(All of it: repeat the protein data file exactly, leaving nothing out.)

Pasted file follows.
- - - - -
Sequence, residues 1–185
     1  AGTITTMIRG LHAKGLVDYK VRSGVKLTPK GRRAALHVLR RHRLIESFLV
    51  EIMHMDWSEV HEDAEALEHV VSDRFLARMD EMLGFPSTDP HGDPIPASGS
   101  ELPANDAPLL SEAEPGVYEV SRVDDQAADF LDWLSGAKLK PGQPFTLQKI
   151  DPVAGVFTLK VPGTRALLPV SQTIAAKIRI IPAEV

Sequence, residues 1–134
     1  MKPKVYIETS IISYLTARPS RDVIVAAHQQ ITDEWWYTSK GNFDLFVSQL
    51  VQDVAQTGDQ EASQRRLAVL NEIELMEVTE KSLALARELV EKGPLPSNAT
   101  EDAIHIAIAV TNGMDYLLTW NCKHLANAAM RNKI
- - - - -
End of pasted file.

Sequence, residues 1–185
     1  AGTITTMIRG LHAKGLVDYK VRSGVKLTPK GRRAALHVLR RHRLIESFLV
    51  EIMHMDWSEV HEDAEALEHV VSDRFLARMD EMLGFPSTDP HGDPIPASGS
   101  ELPANDAPLL SEAEPGVYEV SRVDDQAADF LDWLSGAKLK PGQPFTLQKI
   151  DPVAGVFTLK VPGTRALLPV SQTIAAKIRI IPAEV

Sequence, residues 1–134
     1  MKPKVYIETS IISYLTARPS RDVIVAAHQQ ITDEWWYTSK GNFDLFVSQL
    51  VQDVAQTGDQ EASQRRLAVL NEIELMEVTE KSLALARELV EKGPLPSNAT
   101  EDAIHIAIAV TNGMDYLLTW NCKHLANAAM RNKI